Hd Descent and birth, 1-3; antagonism to French nation, 3; joins Prussian army, 3; previous military service, 5; present at battle of Mollwitz, 6; his admiration for the king of Prussia, 6; recommended to command of second battalion, Royal American regiment, 9; stationed at Philadelphia, 11; sent to Albany and afterwards to southern colonies to recruit, 13; but slightly acquainted with the English language, 15; popular in the military profession, 15; resemblance to George Washington, 15; exchanges to fourth battalion of Royal Americans, 17; joins expedition against Canada, 17; wounded at Ticonderoga (Carillon), 21; in correspondence with General Gage, 22, 23; in command at Fort Edward, 22; marches to Oswego, 25; repulses attack of French under La Corne de St. Luc, 26; yields precedence at Niagara to Sir W. Johnson, 27; returns to Oswego, 27; builds block-houses, 32; makes vegetable gardens for benefit of his troops, 33; joins in attack on Fort de Lévis, 36; ordered to take possession of one of the gates of Montreal, 38; demands the French flags, 39; remains two years at Montreal under Gage, 40; succeeds Burton at Three Rivers, 42; promoted to rank of colonel in British army, 42; becomes British subject, 42; divides government of Three Rivers into four districts, 43; his proclamations, 45; his relations with Murray, 49; with his nephew, 50; his land purchases, 50, 51; on Burton's return to Montreal, 53; again at Three Rivers, 53; suppresses irregular trading with Indians, 54; difficulties of his position, 60; obtains leave of absence and visits England, 61; transferred to Florida, 63; unpleasant relations with Governor Johnstone, 65, 73; improves conditions for the troops, 66-69; lays out gardens, 71; tries to promote agriculture among Indian tribes, 72; surveys Mobile River and Bay, 77, 78; transferred to St. Augustine, 78; his farm of Mon Plaisir, 78; sent back to Pensacola, 80; his position pecuniarily burdensome, 82, 87; made major and placed in command at New York, 83; his attitude in relation to colonial trouble, 84, 85; visits relatives in Pennsylvania, 87; relations with Governor Tryon, 89; his views on employment of troops in Indian and civil disturbances, 89, 90, 92; foresees civil war, 98; summoned by Gage to Boston, 102; his property in New York stolen or destroyed, 103; recalled to England, 105; his reception there, 106; made inspector-general of forces in West Indies, and raised to rank of general in America and lieutenant-general in the army, 107; receives £3000 to cover past outlays, 107; appointed governor of Canada, in succession to Carleton, 113; visits Yverdun, 113, 116; his reception at Quebec, and at Montreal, 117, 119; receives news of a treaty between France, Spain, and the revolted colonies, 124; fortifies post on Carleton Island, 124; his distrust of French-Canadians, 127, 128; issues letters of marque, 130; improves mail service with England, 131; his report to Lord George Germaine, 132-143; his policy with the Indians, 147, 259; opens letter addressed by Guy Johnson to Germaine, 155; reprimanded, 156; his efforts to keep peace between rival officers, 157-159; prohibited trading by officials, 162; on the value of Indian allies, 164; negotiates with Washington for Henry Hamilton's release from prison, 169; his later opinion of Indians in battle, 170; disapproves the savagery of Butler's Indians, 170; suspends Allsopp, member of Council, for sedition, 175; surrounded by spies, 175; disagreements with Council, 176-178; prohibits exportation of grain, 177; befriends Ursuline nuns, 179; his rules of conduct, 179; sends back two priests from France, 181; strengthens fortifications of Quebec, 183; causes canals to be made at Coteau du Lac and Cascades, 185; visit to Montreal and benefactions to its institutions, 186; greatly mortified by despatch hinting that, in case of extreme danger, Carleton might be sent to take command, 188; desires to resign his post, 189; concerned at sympathy of leading French-Canadians with the French in the war, 190; takes census, 190; founds library at Quebec, 190; exercises a certain censorship of press, 191; his proclamations, 192; consents to remain in Canada till conclusion of peace, 194; his cautious attitude in connection with the Vermont question, 200, 208, 211, 212; breaks off negotiations, 217; his instructions regarding vaccination, 230; exercises fatherly care over his officers, 236; his opinion of Canadian horses, 245; his resemblance in character to Washington, 250; receives Baron Steuben at Sorel, 259; declines to surrender western forts, 260; assists the North West Company, 261; his advice to home government respecting western posts, 262; opposed to idea of military settlement in eastern townships, 264; efforts on behalf of Loyalists, 265; the founder of Ontario, 271; his unpopularity, 273; has to grapple with treasonable intrigues, 273-282; admissions in his favour by French-Canadian authorities, 291, 292; the kindness of his disposition, 293-296; godfather to two of Baron Riedesel's children, 296, 299; his physical ailments, 299; his garden at Quebec, 299; his regard for the Riedesels, 299-304; his departure from Canada, 309; arrested at suit of Du Calvet, 310; bailed by his nephew, 311; receives Order of the Bath, 313, 322; promoted to be general in America, 313; his papers in the Archives in Ottawa, 319; Dr. Brymner's opinion of, 320; his diary, 321; the king's high regard for him, 321, 322; the queen's, 322, 336; characteristics, 323-329; his opinion of Lord Amherst, 326; on friendly terms with Lord Sydney, 326; his hospitality to Canadians, 327; meets Sir Guy Carleton, in London, 330; his opinions of various persons, 332, 333; notes from his diary, 333-340; poor opinion of the French, 335; goes to Switzerland, 336; returns to London, 337; his death, 340; his will, 340-343; memorial tablet to, in Westminster Abbey, 346; his devotion to British interests, 347. Bk His able administration of the government of Canada, 37; first canals made under his orders, 48. Dr His valuable papers, 7; news received of his appointment as governor, 183; his unwillingness to accept post, 183; arrival of, 189; exchange of prisoners made by, 207. E Constructs St. Lawrence canals, 97.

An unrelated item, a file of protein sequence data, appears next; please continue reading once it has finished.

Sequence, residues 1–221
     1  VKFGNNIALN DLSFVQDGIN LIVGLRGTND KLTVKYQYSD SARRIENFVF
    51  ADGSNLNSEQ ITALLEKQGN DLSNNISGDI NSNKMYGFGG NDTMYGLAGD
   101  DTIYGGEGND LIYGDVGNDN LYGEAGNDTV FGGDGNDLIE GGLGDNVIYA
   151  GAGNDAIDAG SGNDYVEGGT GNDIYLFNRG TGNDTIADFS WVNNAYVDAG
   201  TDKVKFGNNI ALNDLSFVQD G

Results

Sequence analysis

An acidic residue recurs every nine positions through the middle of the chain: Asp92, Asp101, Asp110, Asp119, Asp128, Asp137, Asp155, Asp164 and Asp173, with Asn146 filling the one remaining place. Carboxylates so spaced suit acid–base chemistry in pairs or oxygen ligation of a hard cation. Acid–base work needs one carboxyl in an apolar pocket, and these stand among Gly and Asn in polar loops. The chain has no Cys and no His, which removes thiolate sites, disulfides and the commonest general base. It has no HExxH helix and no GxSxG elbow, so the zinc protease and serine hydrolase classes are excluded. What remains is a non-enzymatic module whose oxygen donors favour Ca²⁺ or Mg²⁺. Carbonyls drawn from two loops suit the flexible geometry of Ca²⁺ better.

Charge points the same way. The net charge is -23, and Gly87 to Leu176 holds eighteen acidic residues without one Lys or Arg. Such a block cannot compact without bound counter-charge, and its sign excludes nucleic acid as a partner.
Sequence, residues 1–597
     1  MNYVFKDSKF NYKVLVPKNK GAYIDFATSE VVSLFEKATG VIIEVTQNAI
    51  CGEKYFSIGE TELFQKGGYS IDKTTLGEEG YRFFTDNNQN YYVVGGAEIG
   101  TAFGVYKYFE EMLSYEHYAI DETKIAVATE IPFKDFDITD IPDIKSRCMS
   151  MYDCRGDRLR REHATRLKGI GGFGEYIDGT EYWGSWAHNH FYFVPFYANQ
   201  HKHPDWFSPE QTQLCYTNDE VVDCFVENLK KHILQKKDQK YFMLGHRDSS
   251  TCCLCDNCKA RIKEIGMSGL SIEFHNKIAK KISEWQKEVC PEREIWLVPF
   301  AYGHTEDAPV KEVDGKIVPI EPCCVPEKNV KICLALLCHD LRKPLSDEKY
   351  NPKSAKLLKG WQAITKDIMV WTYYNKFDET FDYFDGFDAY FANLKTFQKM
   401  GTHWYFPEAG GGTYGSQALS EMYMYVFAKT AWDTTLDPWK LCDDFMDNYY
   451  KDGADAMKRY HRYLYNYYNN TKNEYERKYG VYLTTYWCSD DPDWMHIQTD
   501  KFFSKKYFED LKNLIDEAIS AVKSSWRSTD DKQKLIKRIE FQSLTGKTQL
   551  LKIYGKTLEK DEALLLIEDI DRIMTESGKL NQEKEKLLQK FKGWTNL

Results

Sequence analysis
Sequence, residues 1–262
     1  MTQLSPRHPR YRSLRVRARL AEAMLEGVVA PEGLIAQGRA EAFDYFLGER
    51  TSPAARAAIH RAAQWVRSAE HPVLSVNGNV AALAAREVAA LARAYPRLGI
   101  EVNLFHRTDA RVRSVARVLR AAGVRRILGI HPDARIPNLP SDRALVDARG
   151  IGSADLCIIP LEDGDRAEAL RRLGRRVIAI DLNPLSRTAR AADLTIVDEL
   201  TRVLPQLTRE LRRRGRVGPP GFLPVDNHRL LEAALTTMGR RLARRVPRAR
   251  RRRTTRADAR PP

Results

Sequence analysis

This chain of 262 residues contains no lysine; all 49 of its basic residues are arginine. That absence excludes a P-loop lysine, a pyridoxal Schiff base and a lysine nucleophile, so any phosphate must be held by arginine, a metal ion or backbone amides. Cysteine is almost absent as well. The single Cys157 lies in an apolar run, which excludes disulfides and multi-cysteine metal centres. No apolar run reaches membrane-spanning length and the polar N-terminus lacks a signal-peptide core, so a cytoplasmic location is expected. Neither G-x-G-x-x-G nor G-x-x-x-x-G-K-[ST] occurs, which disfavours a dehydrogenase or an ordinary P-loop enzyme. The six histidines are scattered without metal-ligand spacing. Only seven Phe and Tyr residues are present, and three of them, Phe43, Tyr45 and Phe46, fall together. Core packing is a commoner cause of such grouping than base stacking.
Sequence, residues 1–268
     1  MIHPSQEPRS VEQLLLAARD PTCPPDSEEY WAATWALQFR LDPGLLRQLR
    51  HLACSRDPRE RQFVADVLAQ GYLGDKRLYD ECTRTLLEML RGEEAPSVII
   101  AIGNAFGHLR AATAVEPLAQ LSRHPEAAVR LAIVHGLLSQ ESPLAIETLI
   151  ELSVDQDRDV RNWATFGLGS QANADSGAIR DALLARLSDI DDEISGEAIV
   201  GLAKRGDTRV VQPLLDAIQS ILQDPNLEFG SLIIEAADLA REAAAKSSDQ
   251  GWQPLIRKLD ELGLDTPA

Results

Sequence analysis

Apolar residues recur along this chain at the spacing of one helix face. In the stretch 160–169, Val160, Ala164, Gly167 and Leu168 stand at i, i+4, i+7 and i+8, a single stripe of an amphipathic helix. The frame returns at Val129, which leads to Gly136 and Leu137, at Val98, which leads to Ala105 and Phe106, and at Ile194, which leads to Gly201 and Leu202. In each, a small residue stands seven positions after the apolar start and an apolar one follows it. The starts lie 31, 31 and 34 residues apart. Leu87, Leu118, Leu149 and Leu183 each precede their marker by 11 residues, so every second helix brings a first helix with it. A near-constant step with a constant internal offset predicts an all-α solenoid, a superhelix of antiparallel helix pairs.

Bib.: Kingsford, History of Canada; Lucas, History of Canada; Bradley, The Making of Canada; Dict. Nat. Biog.; Haldimand Papers (Canadian Archives).

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  • Haldimand, Sir Frederick — ▪ British general born Aug. 11, 1718, Yverdon, Switz. died June 5, 1791, Yverdon       British general who served as governor of Quebec province from 1778 to 1786.       Haldimand entered British service in 1756 as a lieutenant colonel in the… …   Universalium